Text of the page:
Wednesday, August 26, 2009

This Carnelian Mala and What Inspired It

Carnelian is a form of chalcedony primarily found in India and secondarily in South America. Carnelian is a stone with roots in antiquity, prized and coveted by noble classes, buried with the wealthy. Carnelian can be seen in the workmanship of the ancient Egyptians, as crude beads through out Africa and was traded far and wide and still is today. Carnelian is a giver of energy aiding in vitality and protection from bad vibrations. Used as a talisman against poverty, worn to calm anger and maintain sense of humor carnelian has had many uses by many people for centuries.

The ancient historic use of carnelian has intrigued me for years. Seeing bits of the red/orange stone in Egyptian artifacts, beads that have been traded since long before the Roman Empire and intricate carvings from the orient and Asia only add to the allure of using the stone today. The inspiration for this style of mala comes from the Chinese Imperial Court of centuries ago.

Ornate malas were the style for many years in the court. Inspired by the ritual malas produced by the Tibetans with side counters and ornamental guru and marker beads. These malas were used to keep track of the repetitions of mantras. The ritual use of the mala in court life never became as popular as wearing ornate malas made with exotic stones. These malas not only would have anywhere from 2 to 4 side counters hanging from near the side marker beads but also have a long and ornate pendant that would hang down the wearers back. Along with carnelian, jades and serpentines, rose quartz and other stones were used in making these malas.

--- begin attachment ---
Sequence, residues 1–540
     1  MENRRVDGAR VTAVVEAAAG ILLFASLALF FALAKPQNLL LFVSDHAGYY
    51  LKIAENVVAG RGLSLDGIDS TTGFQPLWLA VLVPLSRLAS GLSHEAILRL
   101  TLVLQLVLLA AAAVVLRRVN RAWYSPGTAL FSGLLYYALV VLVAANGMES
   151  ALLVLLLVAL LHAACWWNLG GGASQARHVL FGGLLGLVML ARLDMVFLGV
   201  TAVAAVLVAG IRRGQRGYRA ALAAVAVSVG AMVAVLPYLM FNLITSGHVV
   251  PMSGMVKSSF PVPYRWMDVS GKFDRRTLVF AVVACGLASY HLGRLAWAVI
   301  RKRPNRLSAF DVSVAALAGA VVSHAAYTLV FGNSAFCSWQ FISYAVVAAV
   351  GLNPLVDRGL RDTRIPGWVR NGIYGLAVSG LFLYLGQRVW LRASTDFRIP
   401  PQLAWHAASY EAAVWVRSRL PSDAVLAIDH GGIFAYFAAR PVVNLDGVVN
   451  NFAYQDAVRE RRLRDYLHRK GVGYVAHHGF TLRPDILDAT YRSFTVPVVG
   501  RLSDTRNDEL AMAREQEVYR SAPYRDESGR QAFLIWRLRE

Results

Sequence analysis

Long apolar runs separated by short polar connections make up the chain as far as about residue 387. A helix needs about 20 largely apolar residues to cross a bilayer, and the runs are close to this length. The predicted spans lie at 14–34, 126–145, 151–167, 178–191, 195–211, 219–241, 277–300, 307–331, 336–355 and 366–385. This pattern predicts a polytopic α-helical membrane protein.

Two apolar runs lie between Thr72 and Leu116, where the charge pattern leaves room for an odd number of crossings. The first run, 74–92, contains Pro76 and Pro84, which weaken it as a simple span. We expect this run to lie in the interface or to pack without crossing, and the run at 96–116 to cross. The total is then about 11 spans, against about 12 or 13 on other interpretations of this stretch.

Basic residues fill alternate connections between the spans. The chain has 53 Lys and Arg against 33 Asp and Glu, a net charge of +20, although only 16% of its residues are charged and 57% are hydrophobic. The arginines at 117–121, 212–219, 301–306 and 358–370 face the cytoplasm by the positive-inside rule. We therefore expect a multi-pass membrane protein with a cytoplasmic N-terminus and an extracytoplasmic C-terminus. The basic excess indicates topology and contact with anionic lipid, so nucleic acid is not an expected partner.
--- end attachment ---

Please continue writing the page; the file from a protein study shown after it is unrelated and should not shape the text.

I used carnelian for this mala because of how its ancient history speaks to the present and offers us a deeper awareness of ourselves through the knowledge of the past. This piece is strung with 108 beads for counting, in the Tibetan tradition, and can be used for ritual, however is ornate enough to be an elegant piece of jewelry. Combining the elements of the lotus flower (the carved bone marker beads), the ultimate symbol of enlightenment as the lotus grows from stagnant and fowl waters to open as spectacular and wonderfully fragrant flower to the element of the butterfly (carved serpentine pendant) a symbol of freedom and non harming as its life is spent on the wind feeding on nectar. Each element of this mala has purpose and meaning.

The intention of this mala is aid in bringing balance in the modern world. This mala has an abundance of feminine energy for balance in an aggressive world.

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